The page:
SWE Introduces Girls to Engineering

Engineering Girls @ the Beach 009
Alumni Jennifer Didlo, president of AES Southland, talks to girls about engineering.

Nearly 150 girls from neighborhood elementary and middle schools heard about engineering as a career and participated in workshops during Engineering Girls @ the Beach Friday.

The event, sponsored by the CSULB chapter of the Society of Women Engineers, in addition to the American Society of Mechanical Engineers and Southern California Edison, is intended to introduce girls early on to the advantages of studying engineering.

“We need women in engineering,” said College of Engineering Associate Dean Tracy Maples. “Women can bring a different perspective. A lot of things women are doing in engineering is fantastic.”

SWE President Alexis Ortega agreed. “We are in great need of innovation and invention, said Ortega, an MAE major. She told the girls that her interest in airplanes was sparked by watching Discovery Channel documentaries with her father and taking a ride in an airplane when she was 6.

Speaker Jennifer Didlo, president of power-generation provider AES Southland, asked the girls what qualities engineers needed. The answers she got were: hard work, math and science ability, and bravery. Didlo told the girls they would also need confidence—and the ability to do things they don’t like—such as working on homework instead of something more fun.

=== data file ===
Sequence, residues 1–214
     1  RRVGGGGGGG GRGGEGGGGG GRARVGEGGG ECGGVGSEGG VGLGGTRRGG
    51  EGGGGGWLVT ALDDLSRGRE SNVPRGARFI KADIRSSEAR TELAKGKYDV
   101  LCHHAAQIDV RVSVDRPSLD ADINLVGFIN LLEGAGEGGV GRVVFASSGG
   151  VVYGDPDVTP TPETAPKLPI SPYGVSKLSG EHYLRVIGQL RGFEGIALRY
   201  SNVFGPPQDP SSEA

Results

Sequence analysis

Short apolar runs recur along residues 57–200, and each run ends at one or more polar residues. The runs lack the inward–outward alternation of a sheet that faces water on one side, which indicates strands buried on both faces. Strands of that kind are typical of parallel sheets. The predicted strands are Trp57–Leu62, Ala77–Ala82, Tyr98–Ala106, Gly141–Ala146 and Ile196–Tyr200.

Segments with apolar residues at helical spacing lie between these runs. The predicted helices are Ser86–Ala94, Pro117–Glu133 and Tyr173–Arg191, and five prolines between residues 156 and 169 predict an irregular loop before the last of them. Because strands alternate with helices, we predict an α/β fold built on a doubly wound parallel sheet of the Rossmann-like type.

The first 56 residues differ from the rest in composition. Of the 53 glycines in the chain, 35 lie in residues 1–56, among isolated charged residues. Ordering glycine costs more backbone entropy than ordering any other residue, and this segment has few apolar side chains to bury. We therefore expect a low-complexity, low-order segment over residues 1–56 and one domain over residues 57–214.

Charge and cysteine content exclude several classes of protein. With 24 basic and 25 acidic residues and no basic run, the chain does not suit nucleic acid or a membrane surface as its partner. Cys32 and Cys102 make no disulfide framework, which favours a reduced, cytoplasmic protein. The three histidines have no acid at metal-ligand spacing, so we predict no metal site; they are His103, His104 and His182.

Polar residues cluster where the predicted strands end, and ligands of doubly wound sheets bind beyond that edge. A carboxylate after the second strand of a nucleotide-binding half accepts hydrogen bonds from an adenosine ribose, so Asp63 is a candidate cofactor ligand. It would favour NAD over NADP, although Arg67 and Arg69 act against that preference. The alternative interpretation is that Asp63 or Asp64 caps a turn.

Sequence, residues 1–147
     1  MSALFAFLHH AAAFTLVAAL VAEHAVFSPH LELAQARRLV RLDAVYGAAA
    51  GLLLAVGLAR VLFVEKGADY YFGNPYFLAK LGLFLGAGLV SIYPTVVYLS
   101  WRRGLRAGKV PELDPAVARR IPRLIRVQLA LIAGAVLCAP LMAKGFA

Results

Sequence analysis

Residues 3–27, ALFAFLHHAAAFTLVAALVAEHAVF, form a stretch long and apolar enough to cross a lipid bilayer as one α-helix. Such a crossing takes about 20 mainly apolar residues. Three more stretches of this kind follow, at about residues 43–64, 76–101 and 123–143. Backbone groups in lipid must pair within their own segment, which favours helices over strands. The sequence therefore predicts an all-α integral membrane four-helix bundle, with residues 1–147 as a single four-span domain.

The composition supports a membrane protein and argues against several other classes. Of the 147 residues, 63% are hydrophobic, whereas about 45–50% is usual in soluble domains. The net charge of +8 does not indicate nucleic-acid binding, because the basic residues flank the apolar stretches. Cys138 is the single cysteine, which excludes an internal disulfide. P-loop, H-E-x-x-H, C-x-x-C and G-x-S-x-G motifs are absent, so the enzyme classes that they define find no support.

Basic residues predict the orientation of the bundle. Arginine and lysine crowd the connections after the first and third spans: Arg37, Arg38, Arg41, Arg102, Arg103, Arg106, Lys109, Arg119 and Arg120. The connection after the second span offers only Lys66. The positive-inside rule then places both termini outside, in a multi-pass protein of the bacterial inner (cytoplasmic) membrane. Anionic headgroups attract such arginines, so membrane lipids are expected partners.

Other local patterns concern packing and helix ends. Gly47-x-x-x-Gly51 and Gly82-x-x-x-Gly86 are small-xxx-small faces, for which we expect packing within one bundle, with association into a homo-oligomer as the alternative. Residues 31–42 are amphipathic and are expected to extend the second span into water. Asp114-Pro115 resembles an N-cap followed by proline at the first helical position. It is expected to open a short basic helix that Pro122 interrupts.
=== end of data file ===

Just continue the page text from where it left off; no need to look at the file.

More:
“You might look around and be the only girl in your math and science class,” Didlo said. “You need to believe in yourselves. If you ever feel it’s getting hard and you’re not sure it’s worth it, lean in,” she added, echoing the words of Facebook COO Sheryl Sandberg, author of “Lean In: Women, Work, and the Will to Lead.”

Didlo leads business development effort for AES Southland redevelopment projects, directing the engineering design, environmental and regulatory approvals and the commercial plan to replace the existing generating units at AES Alamitos, AES Redondo Beach, and AES Huntington Beach. Prior to her current role, she was president and plant manager of AES Deepwater in Houston, Texas, a 140MW petroleum coke-fired generation facility and AES’ first operating plant.

“We’re counting on you to make this world a better place,” Didlo said.

After Didlo’s speech, the girls had a chance to participate in a number of faculty-led workshops on topics such as autonomous vehicles, viscosity, robotics, batteries, and chemical reactions—making batteries from lemons, lava lamps from oil, food coloring, and antacid, robots from Lego blocks, and goo from corn starch and ketchup.